Esti Event Report: A solution to the growing shortage of Dutch IT professionals

Event report: A solution to the growing shortage of Dutch IT professionals

by Stefani Mans

Attracting and Retaining International IT Talent

This Esti event was organised in cooperation with the Economic Board of Amsterdam and hosted by Accenture.

Local Dutch IT people are becoming scarce, as the Dutch IT sector continues to grow. There is more and more demand for professionals. Local government and Dutch companies put in an increasing effort to find and attract the right talent, and to keep them once they’re here. During this session, three speakers share their knowledge, insights and approach to the growing challenge of attracting and retaining international IT talent.


  • Fighting the odds: A deep dive into the ‘War on Talent’, by Nina Tellegen, Director at Amsterdam Economic Board
  • Alarm is ringing: Time for a ‘New Approach’, by  Marco Hooghuis Senior Manager at Accenture
  • International rockstar: Engineering team from the ‘Ground Upby Roline Spijkervet, People Operations at PICNIC

The event kicks off at 19:00 when Anastasia Karnaokov, founder of Esti Developers, gives a brief introduction speech, in which she introduces the central theme of the evening and the three speakers that will share their knowledge and experience.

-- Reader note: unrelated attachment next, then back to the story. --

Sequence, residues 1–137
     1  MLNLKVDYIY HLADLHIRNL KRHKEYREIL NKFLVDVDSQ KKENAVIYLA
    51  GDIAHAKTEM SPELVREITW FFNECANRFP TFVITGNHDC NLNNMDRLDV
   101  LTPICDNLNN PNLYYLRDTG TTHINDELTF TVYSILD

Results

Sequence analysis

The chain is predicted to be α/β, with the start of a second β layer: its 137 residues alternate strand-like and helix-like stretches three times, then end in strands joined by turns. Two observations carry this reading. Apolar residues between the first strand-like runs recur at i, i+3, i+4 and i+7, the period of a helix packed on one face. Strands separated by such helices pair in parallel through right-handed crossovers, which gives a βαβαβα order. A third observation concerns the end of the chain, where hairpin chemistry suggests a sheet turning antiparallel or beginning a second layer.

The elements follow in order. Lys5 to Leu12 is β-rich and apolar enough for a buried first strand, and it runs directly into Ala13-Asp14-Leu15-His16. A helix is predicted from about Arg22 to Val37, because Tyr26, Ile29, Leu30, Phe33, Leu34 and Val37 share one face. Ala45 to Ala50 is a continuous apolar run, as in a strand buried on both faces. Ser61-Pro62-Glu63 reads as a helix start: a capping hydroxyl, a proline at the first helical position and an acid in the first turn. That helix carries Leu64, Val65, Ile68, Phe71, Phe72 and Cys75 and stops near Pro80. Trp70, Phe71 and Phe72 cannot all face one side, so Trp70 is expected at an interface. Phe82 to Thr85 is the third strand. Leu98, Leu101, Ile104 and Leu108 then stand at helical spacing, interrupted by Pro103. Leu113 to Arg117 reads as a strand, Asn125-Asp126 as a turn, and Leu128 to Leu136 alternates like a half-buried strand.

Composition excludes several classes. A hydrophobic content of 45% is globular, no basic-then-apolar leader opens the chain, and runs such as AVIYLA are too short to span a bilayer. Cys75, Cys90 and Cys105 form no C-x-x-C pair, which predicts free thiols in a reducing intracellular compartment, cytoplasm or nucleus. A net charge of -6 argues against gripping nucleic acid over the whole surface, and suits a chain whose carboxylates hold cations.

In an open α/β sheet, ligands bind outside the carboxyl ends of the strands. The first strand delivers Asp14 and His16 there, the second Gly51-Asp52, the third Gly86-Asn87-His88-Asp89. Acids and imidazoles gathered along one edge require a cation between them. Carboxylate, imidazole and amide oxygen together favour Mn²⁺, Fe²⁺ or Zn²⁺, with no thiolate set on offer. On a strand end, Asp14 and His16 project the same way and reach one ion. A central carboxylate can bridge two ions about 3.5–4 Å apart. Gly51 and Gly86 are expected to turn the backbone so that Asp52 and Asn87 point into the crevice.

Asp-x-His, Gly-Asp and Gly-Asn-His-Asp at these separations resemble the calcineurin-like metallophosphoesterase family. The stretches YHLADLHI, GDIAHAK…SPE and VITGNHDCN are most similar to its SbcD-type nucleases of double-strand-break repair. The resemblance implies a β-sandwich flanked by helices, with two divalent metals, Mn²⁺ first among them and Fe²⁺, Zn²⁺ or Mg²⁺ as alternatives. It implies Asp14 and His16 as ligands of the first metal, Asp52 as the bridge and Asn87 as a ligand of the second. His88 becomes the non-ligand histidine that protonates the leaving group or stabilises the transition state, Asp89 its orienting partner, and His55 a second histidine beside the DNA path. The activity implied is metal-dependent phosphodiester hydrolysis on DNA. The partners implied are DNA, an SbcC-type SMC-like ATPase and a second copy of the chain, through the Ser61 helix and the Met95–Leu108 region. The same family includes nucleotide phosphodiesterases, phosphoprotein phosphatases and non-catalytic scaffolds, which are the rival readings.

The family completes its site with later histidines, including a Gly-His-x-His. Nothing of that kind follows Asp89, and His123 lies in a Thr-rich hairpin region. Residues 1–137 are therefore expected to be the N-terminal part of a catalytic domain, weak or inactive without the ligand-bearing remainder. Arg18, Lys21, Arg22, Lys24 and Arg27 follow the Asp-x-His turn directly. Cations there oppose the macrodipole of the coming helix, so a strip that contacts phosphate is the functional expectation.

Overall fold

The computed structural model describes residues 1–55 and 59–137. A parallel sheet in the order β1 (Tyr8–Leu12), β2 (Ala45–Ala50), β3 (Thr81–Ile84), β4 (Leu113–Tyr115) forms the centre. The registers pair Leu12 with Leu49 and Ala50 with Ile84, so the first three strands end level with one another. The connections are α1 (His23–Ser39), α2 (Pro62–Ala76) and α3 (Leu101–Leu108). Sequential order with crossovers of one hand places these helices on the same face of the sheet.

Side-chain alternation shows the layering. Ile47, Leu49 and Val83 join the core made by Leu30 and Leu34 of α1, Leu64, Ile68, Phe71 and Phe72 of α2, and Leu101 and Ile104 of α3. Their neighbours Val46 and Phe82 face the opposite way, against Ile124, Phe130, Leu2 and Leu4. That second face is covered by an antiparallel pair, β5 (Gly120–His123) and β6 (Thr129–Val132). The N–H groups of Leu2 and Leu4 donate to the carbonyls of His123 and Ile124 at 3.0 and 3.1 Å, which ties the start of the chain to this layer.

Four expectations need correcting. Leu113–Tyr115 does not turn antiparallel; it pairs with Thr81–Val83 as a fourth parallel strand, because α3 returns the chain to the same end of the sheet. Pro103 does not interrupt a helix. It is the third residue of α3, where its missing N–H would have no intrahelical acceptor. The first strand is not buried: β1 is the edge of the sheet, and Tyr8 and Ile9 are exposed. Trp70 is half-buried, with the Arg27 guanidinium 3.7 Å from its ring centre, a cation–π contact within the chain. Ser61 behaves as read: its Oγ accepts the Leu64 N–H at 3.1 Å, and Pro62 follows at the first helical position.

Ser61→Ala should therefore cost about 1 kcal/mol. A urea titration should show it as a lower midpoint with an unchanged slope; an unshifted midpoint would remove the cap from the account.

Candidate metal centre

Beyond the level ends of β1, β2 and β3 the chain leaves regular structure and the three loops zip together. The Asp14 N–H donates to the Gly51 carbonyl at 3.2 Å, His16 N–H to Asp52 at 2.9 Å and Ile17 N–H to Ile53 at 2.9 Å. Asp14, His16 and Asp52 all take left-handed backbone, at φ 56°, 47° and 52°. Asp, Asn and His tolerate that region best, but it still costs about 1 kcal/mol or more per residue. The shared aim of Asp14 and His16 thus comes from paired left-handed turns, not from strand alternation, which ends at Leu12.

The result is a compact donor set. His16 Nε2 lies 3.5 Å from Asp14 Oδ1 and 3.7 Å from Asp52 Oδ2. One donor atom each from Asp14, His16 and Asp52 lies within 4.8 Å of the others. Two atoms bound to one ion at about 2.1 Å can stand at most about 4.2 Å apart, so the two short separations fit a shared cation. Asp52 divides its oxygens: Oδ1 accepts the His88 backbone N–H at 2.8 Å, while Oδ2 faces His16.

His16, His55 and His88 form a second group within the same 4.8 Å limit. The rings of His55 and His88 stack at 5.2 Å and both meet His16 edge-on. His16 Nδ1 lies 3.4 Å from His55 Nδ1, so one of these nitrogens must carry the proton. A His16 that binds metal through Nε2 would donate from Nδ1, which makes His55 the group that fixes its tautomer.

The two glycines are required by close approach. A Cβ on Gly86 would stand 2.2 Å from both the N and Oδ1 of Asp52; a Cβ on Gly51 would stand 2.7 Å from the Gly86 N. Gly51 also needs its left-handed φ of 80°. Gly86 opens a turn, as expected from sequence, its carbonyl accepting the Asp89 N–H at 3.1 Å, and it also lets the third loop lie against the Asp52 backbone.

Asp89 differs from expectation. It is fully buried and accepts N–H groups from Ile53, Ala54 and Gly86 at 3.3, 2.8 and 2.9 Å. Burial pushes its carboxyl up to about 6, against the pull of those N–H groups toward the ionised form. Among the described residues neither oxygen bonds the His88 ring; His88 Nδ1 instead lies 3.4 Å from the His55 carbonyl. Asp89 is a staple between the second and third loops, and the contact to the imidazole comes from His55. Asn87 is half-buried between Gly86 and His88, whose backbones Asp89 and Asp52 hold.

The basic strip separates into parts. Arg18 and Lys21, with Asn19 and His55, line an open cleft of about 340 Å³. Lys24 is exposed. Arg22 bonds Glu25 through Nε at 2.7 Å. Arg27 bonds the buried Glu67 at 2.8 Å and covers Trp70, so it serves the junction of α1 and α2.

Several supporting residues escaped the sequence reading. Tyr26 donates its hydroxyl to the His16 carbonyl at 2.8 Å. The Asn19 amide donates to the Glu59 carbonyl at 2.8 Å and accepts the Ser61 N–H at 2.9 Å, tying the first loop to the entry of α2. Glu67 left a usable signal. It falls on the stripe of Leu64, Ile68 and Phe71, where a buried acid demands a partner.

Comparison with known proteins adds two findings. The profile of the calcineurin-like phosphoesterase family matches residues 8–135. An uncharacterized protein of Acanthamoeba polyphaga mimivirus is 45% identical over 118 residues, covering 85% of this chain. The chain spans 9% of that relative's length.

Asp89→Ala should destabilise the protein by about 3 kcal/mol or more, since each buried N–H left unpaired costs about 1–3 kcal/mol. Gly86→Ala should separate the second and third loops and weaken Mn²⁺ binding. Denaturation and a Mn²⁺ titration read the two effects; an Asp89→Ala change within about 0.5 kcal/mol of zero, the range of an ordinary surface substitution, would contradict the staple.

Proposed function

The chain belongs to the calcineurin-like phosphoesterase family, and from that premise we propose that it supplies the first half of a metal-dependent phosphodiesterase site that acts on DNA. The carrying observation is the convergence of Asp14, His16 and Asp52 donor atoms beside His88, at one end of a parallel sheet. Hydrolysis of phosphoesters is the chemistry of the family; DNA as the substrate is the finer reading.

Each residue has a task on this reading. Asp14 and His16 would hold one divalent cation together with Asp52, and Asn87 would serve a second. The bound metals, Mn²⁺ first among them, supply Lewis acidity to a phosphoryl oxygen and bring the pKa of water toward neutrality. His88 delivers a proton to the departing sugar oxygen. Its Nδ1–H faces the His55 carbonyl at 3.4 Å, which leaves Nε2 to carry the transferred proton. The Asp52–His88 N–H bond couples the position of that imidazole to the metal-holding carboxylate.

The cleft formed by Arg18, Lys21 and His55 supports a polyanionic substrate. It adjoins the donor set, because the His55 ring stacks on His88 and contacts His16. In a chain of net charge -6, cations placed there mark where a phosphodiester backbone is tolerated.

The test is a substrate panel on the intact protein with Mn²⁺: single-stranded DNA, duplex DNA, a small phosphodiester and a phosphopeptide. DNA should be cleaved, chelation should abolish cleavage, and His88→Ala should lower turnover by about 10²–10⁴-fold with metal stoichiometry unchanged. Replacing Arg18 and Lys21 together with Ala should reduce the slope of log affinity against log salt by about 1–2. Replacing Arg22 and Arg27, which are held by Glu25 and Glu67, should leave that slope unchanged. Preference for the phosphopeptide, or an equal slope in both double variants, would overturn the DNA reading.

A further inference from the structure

Nina Tellegen, director at Amsterdam Economic Board

Tellegen gives a brief introduction of the Amsterdam Economic Board and provides insight in the way that they enhance the prosperity and wellbeing in the Amsterdam Metropolitan Area.

The  Amsterdam Economic Board:
  • Signals opportunities for innovation regarding the challenges,
  • Forms consortia of cross-sectorial partners for innovative projects,
  • Offers access to regional and international networks,
  • Creates physical and online meeting points.
  • Provides data-driven information regarding the challenges.

One of the objectives of the Economic Board was to secure a position among Europe’s top three innovative regions by 2025. However, they were able to realise this ambition this year already, considering the fact that Amsterdam has been voted the European Capital of Innovation 2016-2017Tellegen elaborates on the different ways in which the economic board helps to secure the position of Amsterdam as a leader in innovation and how they help to create solutions for urban challenges that will contribute to the liveability of the Amsterdam region.

The main objective of the economic board of Amsterdam is fostering sustainable economic growth in the region. Tellegen explains that hereby the focus lies on ‘five interrelated urban challenges which bear relevance to urban issues in the region and around the world’, respectively: jobs of the future, health, mobility, digital connectivity, and circular economy. 

To realise this objective, the Economic Board encourages innovation and collaboration between businesses, knowledge institutes and government organisations. Tellegen points out that one of the unique things about Amsterdam is that there are a lot of ‘bottom up’ initiatives, so it is not just the government, but also the citizens who are actively helping to create solution for the urban challenges that the city faces.